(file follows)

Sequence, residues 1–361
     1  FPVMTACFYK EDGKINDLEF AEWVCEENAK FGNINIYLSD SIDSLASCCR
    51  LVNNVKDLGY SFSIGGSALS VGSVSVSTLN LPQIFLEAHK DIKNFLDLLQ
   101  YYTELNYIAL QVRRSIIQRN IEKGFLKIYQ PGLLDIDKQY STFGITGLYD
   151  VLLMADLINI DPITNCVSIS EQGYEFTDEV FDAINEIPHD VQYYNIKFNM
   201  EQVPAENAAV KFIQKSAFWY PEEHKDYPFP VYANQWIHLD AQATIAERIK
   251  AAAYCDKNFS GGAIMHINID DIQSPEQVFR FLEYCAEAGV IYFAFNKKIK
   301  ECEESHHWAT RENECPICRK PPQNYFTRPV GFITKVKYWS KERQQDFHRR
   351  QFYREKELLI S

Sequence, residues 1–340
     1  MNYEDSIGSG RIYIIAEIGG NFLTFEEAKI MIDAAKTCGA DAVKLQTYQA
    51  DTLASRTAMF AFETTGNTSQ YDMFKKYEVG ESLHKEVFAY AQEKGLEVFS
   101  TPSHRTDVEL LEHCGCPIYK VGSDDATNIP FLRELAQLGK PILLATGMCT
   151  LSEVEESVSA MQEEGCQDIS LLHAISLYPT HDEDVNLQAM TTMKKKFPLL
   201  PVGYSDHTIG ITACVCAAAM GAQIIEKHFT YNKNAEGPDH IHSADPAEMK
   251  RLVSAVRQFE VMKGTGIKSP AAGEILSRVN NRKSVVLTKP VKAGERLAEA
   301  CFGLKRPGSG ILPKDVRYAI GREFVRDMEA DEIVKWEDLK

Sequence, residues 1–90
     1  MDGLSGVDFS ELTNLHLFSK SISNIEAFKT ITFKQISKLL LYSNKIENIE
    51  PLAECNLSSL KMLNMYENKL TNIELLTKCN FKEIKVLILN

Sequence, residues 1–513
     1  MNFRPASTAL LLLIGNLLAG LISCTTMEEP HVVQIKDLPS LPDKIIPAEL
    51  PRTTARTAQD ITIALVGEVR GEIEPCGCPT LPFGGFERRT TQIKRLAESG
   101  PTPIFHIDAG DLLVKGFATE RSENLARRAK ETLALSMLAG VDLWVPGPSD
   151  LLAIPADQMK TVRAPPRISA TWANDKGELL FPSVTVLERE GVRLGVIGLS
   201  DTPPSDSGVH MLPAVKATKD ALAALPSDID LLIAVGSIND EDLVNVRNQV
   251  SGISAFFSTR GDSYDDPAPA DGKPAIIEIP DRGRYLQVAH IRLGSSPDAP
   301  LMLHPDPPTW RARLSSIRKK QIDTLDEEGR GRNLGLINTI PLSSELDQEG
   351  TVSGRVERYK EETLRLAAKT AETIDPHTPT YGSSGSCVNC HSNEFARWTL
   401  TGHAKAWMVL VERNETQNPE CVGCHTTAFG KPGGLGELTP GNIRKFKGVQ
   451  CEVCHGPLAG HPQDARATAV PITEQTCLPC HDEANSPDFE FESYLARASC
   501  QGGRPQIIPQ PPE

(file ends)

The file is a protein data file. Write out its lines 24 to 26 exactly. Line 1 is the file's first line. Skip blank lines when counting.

   101  PTPIFHIDAG DLLVKGFATE RSENLARRAK ETLALSMLAG VDLWVPGPSD
   151  LLAIPADQMK TVRAPPRISA TWANDKGELL FPSVTVLERE GVRLGVIGLS
   201  DTPPSDSGVH MLPAVKATKD ALAALPSDID LLIAVGSIND EDLVNVRNQV